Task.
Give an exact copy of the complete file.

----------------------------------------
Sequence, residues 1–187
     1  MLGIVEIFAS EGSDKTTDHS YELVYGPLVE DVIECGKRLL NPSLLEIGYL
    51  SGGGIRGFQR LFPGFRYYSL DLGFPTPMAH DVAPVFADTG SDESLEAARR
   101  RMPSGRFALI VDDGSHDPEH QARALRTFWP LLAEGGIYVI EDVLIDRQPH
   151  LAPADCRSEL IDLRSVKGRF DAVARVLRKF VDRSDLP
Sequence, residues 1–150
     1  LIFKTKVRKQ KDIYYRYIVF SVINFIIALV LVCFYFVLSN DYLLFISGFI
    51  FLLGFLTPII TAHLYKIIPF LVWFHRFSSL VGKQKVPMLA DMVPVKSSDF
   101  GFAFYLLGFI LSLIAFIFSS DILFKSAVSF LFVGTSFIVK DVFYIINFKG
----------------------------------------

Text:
Sequence, residues 1–187
     1  MLGIVEIFAS EGSDKTTDHS YELVYGPLVE DVIECGKRLL NPSLLEIGYL
    51  SGGGIRGFQR LFPGFRYYSL DLGFPTPMAH DVAPVFADTG SDESLEAARR
   101  RMPSGRFALI VDDGSHDPEH QARALRTFWP LLAEGGIYVI EDVLIDRQPH
   151  LAPADCRSEL IDLRSVKGRF DAVARVLRKF VDRSDLP
Sequence, residues 1–150
     1  LIFKTKVRKQ KDIYYRYIVF SVINFIIALV LVCFYFVLSN DYLLFISGFI
    51  FLLGFLTPII TAHLYKIIPF LVWFHRFSSL VGKQKVPMLA DMVPVKSSDF
   101  GFAFYLLGFI LSLIAFIFSS DILFKSAVSF LFVGTSFIVK DVFYIINFKG